For the second consecutive game, it wasn’t really until the second quarter when the USA women’s basketball team really started to pull away from their opponent before eventually winning 89-58.
But unlike previous games where it took the U.S. some time to pull away from their opponent, a large part of the struggle to pull away was Turkey’s hot start.
Turkey statistical MVP: Birsel Vardarli leads Turkey’s 3-point shooting effort
Turkey was only down 19-16 at the end of the first quarter, almost entirely due to their 4-for-7 (57.14%) 3-point shooting.
One of those was made and another assisted by Birsel Vardali, who finished with team-highs of three 3-pointers, 3 assists, and 11 points.
But as the saying goes, you live by the three and die by the three and yesterday Turkey wasn’t able to keep up that pace: they shot 4-for-17 (23.52%) from the 3-point line the rest of the way.
Key statistic: USA’s defense cooled down Turkey in the second quarter
One reason for Turkey going cold from long-range was a strategic change on USA’s part – switching from zone to man-to-man defense clearly changed the flow of the game in the second quarter. In addition to the decline in 3-point shooting, Turkey only had one second quarter assist on their four field goals, which is indicative of their difficulty in even getting into their offense and making anything happen.
Turkey shot 20% from the field in that second quarter and missed all three of the 3-point attempts they got before heading into halftime down by 15. They would threaten again in the third quarter, getting within five points after another pair of Vardali threes as well as an additional assisted three, but the U.S. just kept coming in waves of defensive intensity.
Ultimately, Turkey played a solid game relative to Team USA’s first two opponents – the U.S. played much better overall yesterday than they did against Croatia and Turkey still managed to hang around. But a “relatively solid” game simply isn’t enough to overcome the depth of the U.S. and that was the major difference in this game, as reported by Doug Feinberg of the Associated Press.
“What we lack in preparation time we make up for in the quality of our depth,” Auriemma said. “We have to use it to the best of our advantage. That second group led by Lindsay (Whalen) and Angel (McCoughtry) was the difference in the game.”
USA statistical MVP: Angel McCoughtry leads an impressive bench effort
Although the team that helped to really extend the lead in the second quarter was four starters with Seimone Augustus, there was little question that a shift in momentum came when the second team entered the game in the first quarter – when the entered, the team was down 10-8; when the quarter ended, the team was up 19-16.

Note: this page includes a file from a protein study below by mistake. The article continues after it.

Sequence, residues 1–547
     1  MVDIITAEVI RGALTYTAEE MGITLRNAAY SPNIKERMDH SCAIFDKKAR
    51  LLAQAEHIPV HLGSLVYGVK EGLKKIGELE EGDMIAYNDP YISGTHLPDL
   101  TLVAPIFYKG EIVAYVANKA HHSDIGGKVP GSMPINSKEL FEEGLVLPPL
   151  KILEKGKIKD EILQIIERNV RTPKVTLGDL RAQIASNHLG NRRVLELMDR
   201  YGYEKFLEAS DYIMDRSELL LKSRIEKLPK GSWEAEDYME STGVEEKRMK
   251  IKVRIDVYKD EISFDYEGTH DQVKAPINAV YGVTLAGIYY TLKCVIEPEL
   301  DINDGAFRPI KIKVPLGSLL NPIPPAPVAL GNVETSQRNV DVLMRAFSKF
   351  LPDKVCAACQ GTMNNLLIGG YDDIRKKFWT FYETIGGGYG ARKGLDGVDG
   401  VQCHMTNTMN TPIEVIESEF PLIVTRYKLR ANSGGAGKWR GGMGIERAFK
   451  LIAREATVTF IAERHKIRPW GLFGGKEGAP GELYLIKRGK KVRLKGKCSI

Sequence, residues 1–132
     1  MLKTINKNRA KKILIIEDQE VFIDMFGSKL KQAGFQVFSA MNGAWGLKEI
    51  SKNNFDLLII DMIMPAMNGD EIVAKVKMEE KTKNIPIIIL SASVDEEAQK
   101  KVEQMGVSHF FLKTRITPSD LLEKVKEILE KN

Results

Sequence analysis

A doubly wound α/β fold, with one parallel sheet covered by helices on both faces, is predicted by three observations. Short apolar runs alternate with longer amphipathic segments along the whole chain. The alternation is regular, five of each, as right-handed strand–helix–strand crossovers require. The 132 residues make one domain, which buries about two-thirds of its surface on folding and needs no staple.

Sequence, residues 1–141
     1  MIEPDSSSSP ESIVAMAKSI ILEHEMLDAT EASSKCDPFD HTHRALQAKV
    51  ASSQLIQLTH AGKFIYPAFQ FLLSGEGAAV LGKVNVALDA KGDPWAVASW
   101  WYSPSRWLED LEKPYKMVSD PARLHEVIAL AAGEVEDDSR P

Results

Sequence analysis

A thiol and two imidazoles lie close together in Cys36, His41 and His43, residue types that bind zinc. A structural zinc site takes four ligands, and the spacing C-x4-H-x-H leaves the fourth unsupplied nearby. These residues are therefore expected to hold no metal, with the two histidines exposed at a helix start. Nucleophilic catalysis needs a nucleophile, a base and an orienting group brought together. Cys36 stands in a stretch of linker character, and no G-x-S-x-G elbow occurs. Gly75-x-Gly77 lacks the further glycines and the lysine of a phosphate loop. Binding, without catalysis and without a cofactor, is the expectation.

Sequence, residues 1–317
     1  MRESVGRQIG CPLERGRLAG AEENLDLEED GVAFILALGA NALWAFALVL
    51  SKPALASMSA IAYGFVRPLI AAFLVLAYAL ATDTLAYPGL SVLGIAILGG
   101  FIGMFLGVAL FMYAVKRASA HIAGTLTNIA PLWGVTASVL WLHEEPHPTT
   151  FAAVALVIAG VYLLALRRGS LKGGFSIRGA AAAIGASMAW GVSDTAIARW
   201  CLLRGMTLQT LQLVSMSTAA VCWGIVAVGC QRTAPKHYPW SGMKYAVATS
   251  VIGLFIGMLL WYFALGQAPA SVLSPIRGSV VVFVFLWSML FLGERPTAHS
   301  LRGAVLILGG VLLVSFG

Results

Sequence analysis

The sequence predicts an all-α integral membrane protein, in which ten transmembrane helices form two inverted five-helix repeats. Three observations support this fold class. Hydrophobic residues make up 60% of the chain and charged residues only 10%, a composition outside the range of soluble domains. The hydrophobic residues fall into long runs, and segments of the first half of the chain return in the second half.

We’re used to seeing McCoughtry get credit as a leading scorer, but the way she earned her team-high 83.02% true shooting percentage was what made her performance yesterday so impressive – on a day when depth off the bench overwhelmed Turkey, McCoughtry’s aggression probably epitomized the effort.
There are few players in the world more dangerous than McCoughtry in the open court and she has definitely gotten her share of points in those situations during the 2012 Olympics. But she also shot shot 10-for-11 from the free throw line yesterday, continuing to attack the basket off the drive and get second chance opportunities off of offensive rebounds – in addition to everything else she did, McCoughtry finished the game with a game-high six offensive rebounds (38.46% offensive rebounding percentage).
She has been relentless in attacking the basket during the Olympics and is also shooting less perimeter shots than WNBA fans are used to seeing from her. The combination has made her a lethal scorer who can get points extremely quickly off the bench either by scoring in transition off of steals or attacking the basket off drives and hustle plays. While everyone is changing roles during the Olympics, McCoughtry’s change from the number one option with the Atlanta Dream to energy scorer off the bench has been arguably one of the most productive for the U.S. this summer.
Key player: Lindsay Whalen ties team-high with 7 rebounds
In contrast to McCoughtry whose role with Team USA seems different than that which she has with the Dream, Lindsay Whalen is doing things that we’re used to seeing her do.
It’s hard to think that anyone can run a fast break more efficiently than Whalen with an impeccable sense of timing and touch as a distributor and the ability to bull doze her way to the basket for a layup, free throws, or a combination of both. And for a team that seemed to struggle to establish their post game as the gelled early on in exhibition play, her ability to get easy shots around the basket for herself and create for others has unquestionably been a huge asset, whether as reserve or starter.
Even seeing her tied for the team lead with 7 rebounds isn’t all that surprising – she has consistently been among the best rebounding point guards in the WNBA for years. This is just Whalen’s game, even if some people failed to notice over the years, as described by USA coach Geno Auriemma after the game.
When Lindsay was in college and we were getting ready to play them in the Final Four, I thought she was a great combination of someone who was hard-nosed and smart, creative. She is what a guard is supposed to be…Lindsay’s just an old fashioned guard from back in the day, the way she looks, the way she plays.
But when that’s the combination of players the U.S. is bringing off the bench – two aggressive guards who are among the best at what they do – it’s very difficult to imagine many teams keeping up regardless of superior preparation.